Call of Duty: Black Ops wasn't the most innovative shooter on the block, Treyarch's Mark Lamia has conceded, but Black Ops 2? It's going to innovate your socks off. Not wearing socks? Say goodbye to your feet.
A failure to embrace new ideas was one of the few things we disliked about 2010's best-selling shooter - as OXM's reviewer observed, "it does a brilliant job of preaching to the converted". The sequel is shaping up to be a real horizon-expander, however - Zombies Mode is now an open world offering, the old character customisation system has been dumped, and the new campaign has a taste for real-time strategy.
"I've got no complaints with Black Ops," Lamia told us at a preview event. "Black Ops did what we wanted it to do. It had a lot of personality and character, and I think people enjoyed the creative aspects of it, they enjoyed the balancing. When you played Black Ops there's a lot of interesting gadgets and weapons to play with.
"We had customisation in the game, we had the theatre, the emblem editor, the maps, the settings, the locations that we created, all that stuff really came through. But one of the things that it didn't do, is it didn't look at the gameplay and say, 'hey, let's significantly innovate upon some of these core systems.' They were more like refinements and changes to proven core COD gameplay."
By contrast, Black Ops 2 delves deep beneath the surface. "The reason why I talk about the personalisation and the customisation, while that may have been cosmetic in Black Ops, it's now your gameplay in Black Ops 2," Lamia elaborated.
"You can kind of see how, as a studio we're really into empowering the player to try and give them some unique aspects - to interject their own personalisation and customisation into the character. You can see that evolution, taking things like camos and emblems to the next level and putting it into the core systems."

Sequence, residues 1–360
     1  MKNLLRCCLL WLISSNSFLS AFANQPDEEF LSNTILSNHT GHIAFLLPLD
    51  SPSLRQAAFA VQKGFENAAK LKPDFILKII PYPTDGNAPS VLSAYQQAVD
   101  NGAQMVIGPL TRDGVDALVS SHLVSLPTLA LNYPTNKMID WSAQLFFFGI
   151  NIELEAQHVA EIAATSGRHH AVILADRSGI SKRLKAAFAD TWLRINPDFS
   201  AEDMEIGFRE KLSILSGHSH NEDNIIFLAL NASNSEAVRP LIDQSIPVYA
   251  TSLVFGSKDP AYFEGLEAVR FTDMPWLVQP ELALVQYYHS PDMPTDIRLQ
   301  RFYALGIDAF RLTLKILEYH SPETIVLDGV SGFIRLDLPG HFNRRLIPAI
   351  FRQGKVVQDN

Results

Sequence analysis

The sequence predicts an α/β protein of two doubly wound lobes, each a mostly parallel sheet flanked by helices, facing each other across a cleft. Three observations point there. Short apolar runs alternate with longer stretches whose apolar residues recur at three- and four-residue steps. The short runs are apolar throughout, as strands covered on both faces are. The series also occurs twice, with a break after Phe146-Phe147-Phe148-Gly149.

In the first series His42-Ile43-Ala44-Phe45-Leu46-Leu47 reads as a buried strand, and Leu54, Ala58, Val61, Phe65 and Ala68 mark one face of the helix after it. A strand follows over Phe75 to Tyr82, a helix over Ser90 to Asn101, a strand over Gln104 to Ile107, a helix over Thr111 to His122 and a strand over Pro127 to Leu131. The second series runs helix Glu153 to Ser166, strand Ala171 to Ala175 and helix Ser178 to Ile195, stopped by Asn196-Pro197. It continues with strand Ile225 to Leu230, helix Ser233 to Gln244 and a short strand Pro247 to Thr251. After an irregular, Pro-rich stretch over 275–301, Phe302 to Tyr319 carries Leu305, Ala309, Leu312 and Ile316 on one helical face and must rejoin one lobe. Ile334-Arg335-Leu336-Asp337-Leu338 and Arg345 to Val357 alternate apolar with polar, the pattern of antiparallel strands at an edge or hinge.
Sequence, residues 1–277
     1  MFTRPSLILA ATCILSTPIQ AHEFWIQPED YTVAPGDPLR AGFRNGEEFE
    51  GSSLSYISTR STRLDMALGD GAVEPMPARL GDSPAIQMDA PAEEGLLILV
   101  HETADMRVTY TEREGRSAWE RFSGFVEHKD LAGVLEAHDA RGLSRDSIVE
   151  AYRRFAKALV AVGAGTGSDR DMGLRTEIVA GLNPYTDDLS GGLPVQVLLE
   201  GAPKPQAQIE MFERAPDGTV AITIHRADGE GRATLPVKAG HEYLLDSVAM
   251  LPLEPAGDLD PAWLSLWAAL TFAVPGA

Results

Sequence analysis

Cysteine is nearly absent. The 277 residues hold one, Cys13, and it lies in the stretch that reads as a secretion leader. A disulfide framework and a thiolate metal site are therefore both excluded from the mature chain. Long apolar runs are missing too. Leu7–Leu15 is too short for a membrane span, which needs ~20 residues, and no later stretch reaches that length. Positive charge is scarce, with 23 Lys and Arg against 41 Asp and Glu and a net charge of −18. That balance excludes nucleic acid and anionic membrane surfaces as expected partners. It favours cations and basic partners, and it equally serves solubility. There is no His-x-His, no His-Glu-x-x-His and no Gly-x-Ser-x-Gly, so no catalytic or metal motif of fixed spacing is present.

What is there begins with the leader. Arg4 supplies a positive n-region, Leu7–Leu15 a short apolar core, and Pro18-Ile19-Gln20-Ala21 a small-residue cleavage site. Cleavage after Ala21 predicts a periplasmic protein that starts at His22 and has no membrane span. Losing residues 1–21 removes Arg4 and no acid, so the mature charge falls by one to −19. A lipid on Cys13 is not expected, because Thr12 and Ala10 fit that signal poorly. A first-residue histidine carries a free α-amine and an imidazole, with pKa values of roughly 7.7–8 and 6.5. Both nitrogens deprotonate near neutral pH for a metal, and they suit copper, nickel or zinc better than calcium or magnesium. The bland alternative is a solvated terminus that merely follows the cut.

Run into users who've gotten to grips with the new "Pick 10" create-a-class system, he said, and you may think you're playing a completely different game. "You're going to go into games and people are going to play it in ways that you never saw it played before, with their own creative classes."
Lamia expects the community to take full advantage of all this, along with the newfound emphasis on support actions. "With the flexibility of that system you're going to see that happen with players across the board. The rewards systems and core systems have changed. We're not just rewarding people who can get kills, we're rewarding people who are playing to the mode objectives, as well as people who are getting kills.
"Clearly in order to stay alive in the game you're going to need to be one of those people, but not just for that. I think that is going to be a fundamental change to the way that people play those games. Black Ops 2 isn't just the next COD game - it really is a major step for the franchise."
Not quite sold? Read more about Black Ops 2's most important changes.